I love looking at maps and Princeton has a lovely collection wtih some bits and pieces online. Here is a section that covers some of the period from Magellegan to Cook focusing on the Pacific
A hidden gem is Terra Astralis - many attempts were made to deal with what lurked on the Southern end of the globe - this one is particularly nice (about 10 MB)
There is a rich history behind Antarctica - Aristotle theorized its existence and Ptolemy fleshed out the idea - of course not based on reality - mostly on the idea of balance, but people of the time realized the Earth was spherical. Lots and lots of fiction over the years.
Three people have pointed out that AT&T sent the following message
AT&T companies that provide telecommunications and interconnected Voice over Internet Protocol (VoIP) service (which permits VoIP customers to both send and receive calls to/from customers with traditional telephone/telecommunications service) would like to share your customer proprietary network information within the AT&T family of companies for our own marketing purposes, including using that information to offer you additional products and services.
What is CPNI? Your CPNI includes the types of telecommunications and interconnected VoIP services you currently purchase, how you use them and the related billing for those services. CPNI does not include your telephone number, your name or your address. Protecting the confidentiality of your CPNI is your right and our duty under federal law. As an AT&T customer, you can restrict the use of your CPNI even within the AT&T family of companies.
To allow AT&T to use your CPNI, no further action is required. AT&T will not use your CPNI to offer you other products and services until at least 33 days after this notice was mailed to you. AT&T and our authorized agents will not sell, trade or share your CPNI with anyone other than those who are in the AT&T family of companies or are AT&T authorized agents, unless required by law.
If at any time you would prefer that AT&T not use your CPNI to offer you additional products and services, you may:
(a few customer initiated actions mentioned)
note that you have to take action if you with to opt-out.
If you use AT&T you should probably pay attention to the email.
Of course this is probably minor compared with what happens to Google and Facebook users.
We visited the West Village in Manhattan yesterday and I decided to not have a conventional and healthy dinner, but rather go wild at my favorite gelato shop - L'Arte del Gelato.
They are on the spendy side and the normal sizes leave me wanting more. On the other hand the normal sizes probably don't get you into serious dietary problems. Anyway - they have a large number of amazing flavors, but I decided to go for a pint split between Vanigilia del Madagascar and Stracciatella. Perhaps strange choices from a hard core chocolate lover, but it is very hard to nail a perfect vanilla and they manage just that - plus I really like their Stracciatella. Perhaps the next time Ill do it again with other flavors, but this was quite perfect for the day.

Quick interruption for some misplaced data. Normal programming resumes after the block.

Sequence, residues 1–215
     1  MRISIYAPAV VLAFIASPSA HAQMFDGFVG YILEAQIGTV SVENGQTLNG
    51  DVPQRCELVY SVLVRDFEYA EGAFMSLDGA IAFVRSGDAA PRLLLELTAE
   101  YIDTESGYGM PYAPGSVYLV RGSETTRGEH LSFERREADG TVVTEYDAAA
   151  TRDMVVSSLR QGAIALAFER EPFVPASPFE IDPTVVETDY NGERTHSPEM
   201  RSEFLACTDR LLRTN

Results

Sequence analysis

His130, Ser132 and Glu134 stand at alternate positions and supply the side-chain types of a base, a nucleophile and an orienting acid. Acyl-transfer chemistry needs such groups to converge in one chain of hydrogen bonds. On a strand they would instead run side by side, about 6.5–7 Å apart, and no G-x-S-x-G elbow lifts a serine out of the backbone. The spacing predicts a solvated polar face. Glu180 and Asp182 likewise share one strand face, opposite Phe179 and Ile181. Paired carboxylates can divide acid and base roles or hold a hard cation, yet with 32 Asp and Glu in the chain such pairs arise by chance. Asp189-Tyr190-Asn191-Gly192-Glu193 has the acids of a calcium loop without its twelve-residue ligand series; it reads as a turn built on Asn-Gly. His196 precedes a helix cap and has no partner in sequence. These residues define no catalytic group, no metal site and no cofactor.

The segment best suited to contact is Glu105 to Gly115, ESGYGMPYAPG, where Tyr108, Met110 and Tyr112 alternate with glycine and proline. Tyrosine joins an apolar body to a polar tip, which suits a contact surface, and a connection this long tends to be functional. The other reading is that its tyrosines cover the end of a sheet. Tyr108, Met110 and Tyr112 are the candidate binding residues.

- just what I've been waiting for! The drink is Sukie's Affogato all'Arancia - she recommends it.
using the tiny gelato spoons forces you to eat at a proper rate
sigh - all good things come to an end, but there is always next time...
It turns out a lot of people stare and comment if you are having a personal pint. But why not? It is a nice way to start conversations and they all wish they had done the same thing. It also turns out that Jheri does this nearly every time she visits the city. I showed her photo to one of the employees who recognized her straight away..
I'm of the opinion that every healthy diet needs the occasional binge so you can keep your sanity and just purely enjoy a bit of complete abandon every now and again.
Yesterday we walked from Penn Station to the West Village by way of the High Line - a delightful pedestrian park that runs along the path of an old elevated rail line on Manhattan's West Side. Highly recommended if you are in the area.
This seems like an excellent way to bring green pedestrian areas to cities. I mentioned it to Jheri, a past resident of NYC who is heavily into active transit - bikes and walking. She was wondering out load if this might be a nice way to add separated bike ways and walking paths to cities. People are probably unwilling to give up roadways and marked bike lanes may not be optimal in convincing people to use bikes (cars and trucks frequently cross over or even park in these lanes, doors fly open and so on..) - going twenty or so feet up may be less expensive than building new groundlevel infrastructure. You would have to separate bike and pedestrian portions - perhaps with park and garden space. It would be interesting to see what the real costs and benefits might be. My guess is, done properly, this could make many urban areas very attractive. It may be a no brainer in newly constructed urban areas - new Chinese cities for example.
tip of the hat to the half dozen who pointed the editorial out.
Algebra is a fundamental part of a modest education in today's world. It could easily be taught to younger students and leaving it out would be an enormous disservice. It amazes me that many people - even those who claim to be educated - are almost proud when they say they can't do math. This seems to be an American phenomena